Of course, we've come a long way in the consumer market since the 80's. Most vehicles now have composite intake manifolds because of its superior weather resistance, wear capacity and thermal properties, and it is cheaper than aluminum. Sometimes it's even dual stage so the internal runners shorten at higher RPM to increase flow (make more power, less torque) and go to long runners at low RPM (more torque, less power) something that simply can't be accomplished with an aluminum design.

It's only a matter of time before many components like suspension are made of composites. Fiberglass is far superior to steel (mostly weight savings, but they never sag and the spring rate will never change over time.) I look forward to a composite cylinder head, though. That'll be the day!


By YashBudini on 6/3/2011 12:06:52 PM , Rating: 2
RE: I'm curious as to the ACTUAL mileage
By Manch on 6/2/2011 11:51:40 AM , Rating: 3
Compared to a V8 which it's an alternative to, it does get better mileage albeit by 1mpg. While the base V6 gets 1mpg better its towing capacity is a lot less. Also look at the torque/rpm. It obtains max torque at a lower rev which is great for well...towing. One caveat tho, the superior towing capacity compared to the V8 is only if you have the tow package & 3.73 gears. Otherwise it's the same.

V6 300 hp @ 6500/275 lb-ft tq @ 4500/tows:5800/3.73
5.0 360 hp @ 5500/380 lb-ft tq @ 4250/tows:9800/3.55~3.73
ECOBOOST 365 @ 5000/420 @ 2500/tows:11300(3.73) 9800(3.55)

If you drive it like a truck and not a race car then yeah, you'll get better mileage. It's not like the turbo is always in use. Casual driving it wont be a factor. I test drove one, and I have to say I'm impressed. Being that it's a first year run, personally I'd hold off, but that's because i never by a year 1 car. I wait for the kinks to get worked out(Theres always somthing).I have a turbo'd car and a twinscrew supercharg'd car and as long as I'm not dropping the pedal my mileage stays pretty much stock.

Ford's no stranger to factory SC/turbos. They build them pretty beeefy to ensure longevity is not an issue.

Ford's spec sheet for the engines:
http://www.ford.com/trucks/f150/specifications/tow...


RE: I'm curious as to the ACTUAL mileage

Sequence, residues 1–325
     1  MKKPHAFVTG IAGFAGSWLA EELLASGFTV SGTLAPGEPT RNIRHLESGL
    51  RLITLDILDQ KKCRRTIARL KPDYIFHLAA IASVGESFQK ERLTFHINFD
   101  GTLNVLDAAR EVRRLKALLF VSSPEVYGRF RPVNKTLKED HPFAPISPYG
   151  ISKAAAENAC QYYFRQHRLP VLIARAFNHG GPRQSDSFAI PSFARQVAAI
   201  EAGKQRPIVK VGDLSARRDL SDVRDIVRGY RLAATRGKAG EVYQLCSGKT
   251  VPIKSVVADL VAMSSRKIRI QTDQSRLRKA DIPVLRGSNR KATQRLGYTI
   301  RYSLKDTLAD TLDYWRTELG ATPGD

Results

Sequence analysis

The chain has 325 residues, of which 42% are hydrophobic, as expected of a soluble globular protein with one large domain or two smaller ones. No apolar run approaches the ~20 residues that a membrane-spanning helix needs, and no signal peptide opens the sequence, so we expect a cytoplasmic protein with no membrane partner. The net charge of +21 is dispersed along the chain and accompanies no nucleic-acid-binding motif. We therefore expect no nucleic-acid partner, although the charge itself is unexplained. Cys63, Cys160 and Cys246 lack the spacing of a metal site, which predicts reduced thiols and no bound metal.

By M4gery on 6/2/2011 12:06:26 PM , Rating: 1
I just dont see the point in this if its not more efficient than the V8 when actually doing work. But then, I never really cared much for Fords in the first place.


By bah12 on 6/2/2011 12:19:21 PM , Rating: 3
Then you don't need/use a truck to tow. The torque curve is very similar to a diesel, and that lends itself very well to towing. Just like a PC is not all about the Ghz a truck is not all about the HP. Low end torque is a BIG deal to people that actually tow with it.


RE: I'm curious as to the ACTUAL mileage
By Manch on 6/2/2011 12:44:30 PM , Rating: 3
Well 420lb/ft @ 2500 vs 380lb/ft @ 4250. That's ~10% more Tq @ 2/3 the rpm. That means pulling the same weight, the ecoboost will be able to get up to speed quicker and easier, so it will burn less gas getting up to speed, so it is more efficient.


RE: I'm curious as to the ACTUAL mileage
By lagomorpha on 6/2/2011 1:20:43 PM , Rating: 2
You can't really directly calculate fuel economy based on torque curves. If you get more torque at lower rpm but use a turbo you're going to have more fuel/air in each cylinder and have to take that into account. What you want to look for is the "Brake Specific Fuel Consumption" graph and plug in typical driving conditions. Brake specific fuel consumption does usually improve during most driving for engines tuned for lower rpm power but there are more factors involved.


By Manch on 6/3/2011 9:46:47 AM , Rating: 2
I'm not, I was just trying to keep it simple. :D


RE: I'm curious as to the ACTUAL mileage
By shaidorsai on 6/2/2011 12:12:29 PM , Rating: 2
How do you figure 365 hp vs 300 for a 1 mpg reduction isnt an improvement? 365 hp is a big step up for 300...and the torque number is huge too.

All I can say is I wish the 3.7L v6 was available back in 2006 when I bought my F150. The 4.6L V8 makes just over 200HP and only gets around 17 mpg on the highway. The 23 reported here would have made me very happy and is a solid gain in both performance and efficiency.


By Manch on 6/2/2011 12:34:03 PM , Rating: 2
YOu're truck was also tested using the old EPA calculations, so it's mileage is a bit less using the new ones.